Childhood & Early Life
Allen Ezail Iverson was born on June 7, 1975, in Hampton, Virginia, USA, to Allen Broughton and Ann Iverson. His mother was just 15 years old at the time of his birth and he was given his mother’s maiden name as his father had abandoned his mother.
He went to ‘Bethel High School,’ Hampton, Virginia, United States. He played for the football team and the basketball team in his school. In his junior year, he led both the teams to the Virginia state championships.
As he served a sentence in a correctional facility for the bowling riots case in 1993, he finished his high school education at ‘Richard Milburn High School,’ a school for at-risk students.
In ‘Richard Milburn High School,’ he was noticed by ‘Georgetown University’ Coach John Thompson, who saw his skills and offered him a scholarship to the ‘Georgetown Hoyas’ basketball team.
During his time in ‘Georgetown University,’ he excelled in basketball and received many prestigious awards like the ‘Big East Defensive Player of the Year’ award and the ‘Big East Rookie of the Year.’
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In 1995, as a member of the ‘USA World University Games,’ he led the U.S.A team to a 141-81 victory over the host country, Japan. The team won the gold medal for that year.
In 1996, after he had played two seasons for ‘Georgetown University,’ he was selected at the NBA draft by the ‘Philadelphia 76ers,’ a basketball team based in Philadelphia, Pennsylvania.
In the 1998-99 season, he averaged 26.8 points, leading the league and earning his first scoring title. This gave him a chance to be a part of his first All NBA team and play in the playoffs.
Before the 1999-2000 season, he signed a six-year contract extension for a sum of $70 million. ‘The Philadelphia 76ers’ qualified for the playoffs, in which he averaged 26.2 points, 4.8 assists, 4 rebounds, and 1.3 steals per game.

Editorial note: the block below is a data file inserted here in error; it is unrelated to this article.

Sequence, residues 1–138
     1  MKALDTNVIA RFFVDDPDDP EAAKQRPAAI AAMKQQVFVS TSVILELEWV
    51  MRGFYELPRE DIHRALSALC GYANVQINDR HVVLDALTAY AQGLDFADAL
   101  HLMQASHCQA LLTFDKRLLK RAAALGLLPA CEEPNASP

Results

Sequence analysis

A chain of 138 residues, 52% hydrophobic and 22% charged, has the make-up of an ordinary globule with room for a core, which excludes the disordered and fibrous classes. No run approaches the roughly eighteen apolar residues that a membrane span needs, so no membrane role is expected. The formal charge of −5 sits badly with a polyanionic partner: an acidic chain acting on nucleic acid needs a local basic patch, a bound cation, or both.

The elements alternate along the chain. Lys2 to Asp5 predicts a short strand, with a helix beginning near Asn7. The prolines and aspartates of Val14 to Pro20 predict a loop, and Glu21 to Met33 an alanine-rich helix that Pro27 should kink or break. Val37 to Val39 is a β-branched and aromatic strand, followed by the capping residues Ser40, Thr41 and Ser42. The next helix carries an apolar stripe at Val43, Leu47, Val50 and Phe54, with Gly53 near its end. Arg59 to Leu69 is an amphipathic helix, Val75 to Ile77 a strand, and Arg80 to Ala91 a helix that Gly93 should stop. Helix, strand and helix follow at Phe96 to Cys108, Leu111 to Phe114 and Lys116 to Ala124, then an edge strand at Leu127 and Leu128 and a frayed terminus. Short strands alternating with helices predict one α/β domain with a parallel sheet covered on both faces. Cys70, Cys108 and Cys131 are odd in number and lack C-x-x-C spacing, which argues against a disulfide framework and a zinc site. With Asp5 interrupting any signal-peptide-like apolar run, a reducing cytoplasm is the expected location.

During the off-season in 2000, he had many disagreements with Coach Larry Brown and the team attempted to trade him to ‘Detroit Pistons.’ However, player Matt Geiger, who was part of the deal, failed to forfeit his $5 million trade kicker.
In the 2000-01 season, he steered his team to victories in ten games. He averaged 31.1 points, earning his second NBA scoring title. In the playoffs, the ‘Philadelphia 76ers’ defeated ‘Indiana Pacers’ in the first round and reached the finals.
The 2001-2002 season turned out to be a disappointing one for the ‘Philadelphia 76ers’ as they managed to scrape their way into the playoffs only to lose to the ‘Boston Celtics’ in the first round.
In the 2002-2003 season, he averaged 27.6 points per game, helping ‘Philadelphia 76ers’ secure a win over ‘New Orleans Hornets’ in the first round of the playoffs. However, his team later lost to the ‘Detroit Pistons’ in the second round.
In 2003, he represented Team USA in the ‘FIBA Americas Olympic Qualifying Tournament’ held in Puerto Rico. The team scored 10-0 and received the gold medal.
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In 2003, Coach Larry Brown resigned from his position and Randy Ayers took over as the coach of the ‘Philadelphia 76ers.’ Ayer failed to connect with his players and was eventually fired.
In the latter part of the 2003-04 NBA season, Allen faced many difficulties with the disciplinarian, interim head coach Chris Ford. He was even suspended for not attending practice sessions. Allen did not play in 34 games, and ‘Sixers’ missed the postseason.